This year, the Native American Student Affairs department at the University of Arizona is commemorating the month by remembering the roots of indigenous people and their history. In the United States, November is dedicated, on a national level, to the indigenous community.
“We are bringing faculty [and] community leaders, and we are having a real discussion on not giving up who you are, even when you come to college,” said Tiffany Sorrell, a graduate assistant who is part of NASA and a member of the Diné Tribe.
According to Sorrell, for a long time, native people have been told to assimilate and that if they want to be successful on campus they have to go with mainstream standards. However, “by talking to faculty members, they’re able to empower our students to keep their identity and thrive with it,” Sorrell said.
One event NASA held earlier this month was a Diné language and cultural program with Lyle Harvey, a Diné language coach. Harvey visited NASA and interacted with the students, singing songs and telling tales of the Diné people and their origin.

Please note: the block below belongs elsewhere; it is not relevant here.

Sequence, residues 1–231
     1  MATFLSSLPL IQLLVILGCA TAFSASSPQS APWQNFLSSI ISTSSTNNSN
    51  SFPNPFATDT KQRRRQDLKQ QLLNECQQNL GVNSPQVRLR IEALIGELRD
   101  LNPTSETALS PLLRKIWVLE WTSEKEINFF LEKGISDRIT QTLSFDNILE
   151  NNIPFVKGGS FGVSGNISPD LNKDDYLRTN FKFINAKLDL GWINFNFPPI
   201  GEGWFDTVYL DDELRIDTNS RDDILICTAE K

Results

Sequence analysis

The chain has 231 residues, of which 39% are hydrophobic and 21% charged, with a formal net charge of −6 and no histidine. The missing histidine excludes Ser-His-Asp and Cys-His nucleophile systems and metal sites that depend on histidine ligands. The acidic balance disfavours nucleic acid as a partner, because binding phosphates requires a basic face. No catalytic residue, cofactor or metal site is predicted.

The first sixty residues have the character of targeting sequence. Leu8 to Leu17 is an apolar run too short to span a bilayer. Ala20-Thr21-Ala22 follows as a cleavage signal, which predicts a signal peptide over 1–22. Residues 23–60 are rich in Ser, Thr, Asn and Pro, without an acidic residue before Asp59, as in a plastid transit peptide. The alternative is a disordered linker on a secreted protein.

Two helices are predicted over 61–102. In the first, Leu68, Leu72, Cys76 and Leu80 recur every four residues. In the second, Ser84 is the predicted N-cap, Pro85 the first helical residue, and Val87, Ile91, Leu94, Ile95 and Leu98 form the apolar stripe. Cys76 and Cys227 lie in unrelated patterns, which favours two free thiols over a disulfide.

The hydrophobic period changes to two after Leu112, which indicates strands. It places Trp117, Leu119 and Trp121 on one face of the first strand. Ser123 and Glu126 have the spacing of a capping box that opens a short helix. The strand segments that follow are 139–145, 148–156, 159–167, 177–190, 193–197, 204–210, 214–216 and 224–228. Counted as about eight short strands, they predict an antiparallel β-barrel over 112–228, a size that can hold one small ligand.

Harvey said the connection between the native people and their native tongue is essential in terms of identity. In order to connect to one’s indigenous roots, one must learn the language and be conscious of the history.
“November is a month where we are reminded of our ancestors and our heritage, but why should it be just this month?” said senior Austin Velasquez, an Apache-affiliated criminal justice major. “It should be every day where we should remember our heritage and that we exist.”
According to faculty, something NASA would like to see more of is a conscious recognition of Native American people’s presence at the university, along with recognizing that the university is located on Tohono O'odham land.
“Words are powerful, really advocating for more support for indigenous people, and our communities, by incorporating acknowledgement of the ancestral lands that the university is guest on would be a sign of support,” said NASA coordinator Rachelle Simpson of the Acoma Tribe.
Incorporating Indigenous People’s Day on the calendar, instead of Columbus Day, could be a way to recognize UA’s native population.
The city of Tucson, as well as Arizona State University, have recognized this and changed their calendars to Indigenous People’s Day, but the UA calendar hasn’t, Simpson said.
Other events in November that recognize the indigenous communities at the UA include Hopi Top Making on Nov. 17, the True Meaning of Thanksgiving Potluck event on Nov. 20, Native American Heritage Night at the UA women’s basketball game on Nov. 28 and a closing blessing on Nov. 30.
“Anyone is welcome to come to our events. No matter where you are from or what your heritage is, you can learn about different indigenous cultures,” Simpson said.
For more information, contact or visit NASA at the Nugent building on the UA campus, or check out its website.
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